Target the seeds of violence


It would be easy to put the blame for the tri-county's surge in homicides last year solely on the people who pulled the triggers or plunged in the knives.

Easy, but misleading.

And as Sunday's special report by The Post and Courier's Glenn Smith and Andrew Knapp starkly pointed out, the dire situation demands clear thinking, hard work and community collaboration.

According to police reports, 66 people died in homicides in Charleston, Berkeley and Dorchester counties in 2014 - up 40 percent from 2013. Eighty percent of those deaths resulted from gun violence.

Left behind are: Parents who failed to keep their children on the straight and narrow. The police who have not been able to stop the illegal flow of guns or rid the streets of violence.

Schools where children have been promoted without knowledge and skills they need to be productive. The Legislature, which has a blind spot when it comes to the responsible regulation of guns. And a justice system that punishes a shoplifter more severely than someone illegally possessing a gun.

Charleston Police Chief Greg Mullen said street violence needs to be treated like a public health crisis, with experts from multiple disciplines working together for solutions.

That's no small feat. Indeed, in 2004, following a 2003 spike in killings in Charleston, city and police leaders organized a summit. But no solid plan grew out of it.

The Lowcountry needs a comprehensive plan, and further, it needs to act on viable solutions.

Already police departments are doing things on their own in an effort to address the deadly problem. North Charleston police sponsor youth athletic programs and are trying to build trust with the community. Charleston is providing camps for at-risk children and is embedding officers in some of the city's most troubled neighborhoods.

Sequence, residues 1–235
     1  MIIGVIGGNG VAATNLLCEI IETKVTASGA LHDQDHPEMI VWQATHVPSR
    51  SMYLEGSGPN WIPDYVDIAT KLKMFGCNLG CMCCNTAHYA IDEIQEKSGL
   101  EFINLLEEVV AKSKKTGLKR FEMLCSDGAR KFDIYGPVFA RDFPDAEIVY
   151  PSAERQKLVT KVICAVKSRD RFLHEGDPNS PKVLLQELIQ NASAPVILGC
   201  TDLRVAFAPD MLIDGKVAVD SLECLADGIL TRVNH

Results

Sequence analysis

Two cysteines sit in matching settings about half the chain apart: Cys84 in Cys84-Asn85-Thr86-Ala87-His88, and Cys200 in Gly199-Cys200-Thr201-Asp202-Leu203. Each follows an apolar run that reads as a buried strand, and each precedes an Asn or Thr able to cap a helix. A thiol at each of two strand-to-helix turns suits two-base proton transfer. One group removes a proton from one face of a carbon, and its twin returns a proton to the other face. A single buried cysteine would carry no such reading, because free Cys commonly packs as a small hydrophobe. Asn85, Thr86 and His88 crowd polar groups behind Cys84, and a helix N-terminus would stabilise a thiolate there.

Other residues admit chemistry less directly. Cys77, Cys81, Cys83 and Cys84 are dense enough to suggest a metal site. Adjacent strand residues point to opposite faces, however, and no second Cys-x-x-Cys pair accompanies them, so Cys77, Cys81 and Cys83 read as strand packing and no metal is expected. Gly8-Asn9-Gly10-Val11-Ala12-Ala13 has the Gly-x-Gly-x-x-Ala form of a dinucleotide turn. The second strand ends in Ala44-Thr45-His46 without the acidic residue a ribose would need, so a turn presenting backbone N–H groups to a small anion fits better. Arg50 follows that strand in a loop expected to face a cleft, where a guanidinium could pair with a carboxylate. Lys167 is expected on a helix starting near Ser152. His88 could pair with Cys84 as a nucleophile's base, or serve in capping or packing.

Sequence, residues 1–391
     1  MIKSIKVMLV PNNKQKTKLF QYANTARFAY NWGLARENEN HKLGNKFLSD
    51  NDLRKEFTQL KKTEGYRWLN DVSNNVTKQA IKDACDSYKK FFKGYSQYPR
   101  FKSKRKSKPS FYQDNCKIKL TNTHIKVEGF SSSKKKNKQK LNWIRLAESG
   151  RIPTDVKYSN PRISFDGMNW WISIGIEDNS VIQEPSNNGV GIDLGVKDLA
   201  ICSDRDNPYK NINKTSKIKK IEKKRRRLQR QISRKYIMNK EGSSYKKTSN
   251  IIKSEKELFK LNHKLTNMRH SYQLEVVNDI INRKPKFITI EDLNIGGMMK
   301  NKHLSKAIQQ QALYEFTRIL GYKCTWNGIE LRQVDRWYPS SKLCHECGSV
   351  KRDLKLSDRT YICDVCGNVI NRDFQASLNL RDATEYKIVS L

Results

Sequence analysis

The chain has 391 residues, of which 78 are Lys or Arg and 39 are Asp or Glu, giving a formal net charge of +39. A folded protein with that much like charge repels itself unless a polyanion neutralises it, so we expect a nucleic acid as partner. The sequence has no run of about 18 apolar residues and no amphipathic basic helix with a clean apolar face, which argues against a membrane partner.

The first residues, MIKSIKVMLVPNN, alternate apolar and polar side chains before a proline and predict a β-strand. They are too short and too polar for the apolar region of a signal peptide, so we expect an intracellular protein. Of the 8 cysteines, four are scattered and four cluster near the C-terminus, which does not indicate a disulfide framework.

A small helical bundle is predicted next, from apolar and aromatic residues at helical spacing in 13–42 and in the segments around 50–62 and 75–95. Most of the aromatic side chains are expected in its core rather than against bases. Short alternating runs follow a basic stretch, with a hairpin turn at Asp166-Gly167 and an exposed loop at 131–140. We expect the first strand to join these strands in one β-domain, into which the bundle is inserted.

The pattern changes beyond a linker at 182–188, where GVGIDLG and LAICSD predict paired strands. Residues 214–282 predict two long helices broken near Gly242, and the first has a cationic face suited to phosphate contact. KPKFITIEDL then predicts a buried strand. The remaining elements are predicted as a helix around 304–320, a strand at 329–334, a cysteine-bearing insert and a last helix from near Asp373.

But as Chief Mullen said, it is going to take more than police actions to reverse the climb in homicides.

Rep. Wendell Gilliard, D-Charleston, has some ideas, including legislation that would make a person's third offense for illegally carrying a gun a felony punishable by between one and five years in prison. Shockingly, it's now a misdemeanor no matter how many times someone is caught. Both Chief Mullen and Mayor Joe Riley support his proposal.

Maybe tougher penalties are warranted. Pastor Thomas Dixon, a local activist, likes what Richmond, Va., is doing by mandating a five-year prison sentence for anybody caught with an illegal gun.

Mr. Gilliard also suggests a bill that would put witnesses' safety in the hands of the attorney general's office and SLED, in hopes of easing the fear of stepping forward with important information. It's worth taking up with those agencies.

James Johnson, president of the local chapter of the Tri-County Action Network, wants Gov. Nikki Haley to appoint a task force to crack down on gun trafficking.

Meanwhile, the S.C. Supreme Court has ordered the Legislature and school districts to come up with a reasonable plan to improve schools in poverty districts. Inferior education is a root cause of crime.

Coordinating such an array of initiatives is daunting, but it's necessary.

And it isn't nearly so daunting as what has plagued the Greater Charleston area in the past 14 years: a killing every seven days.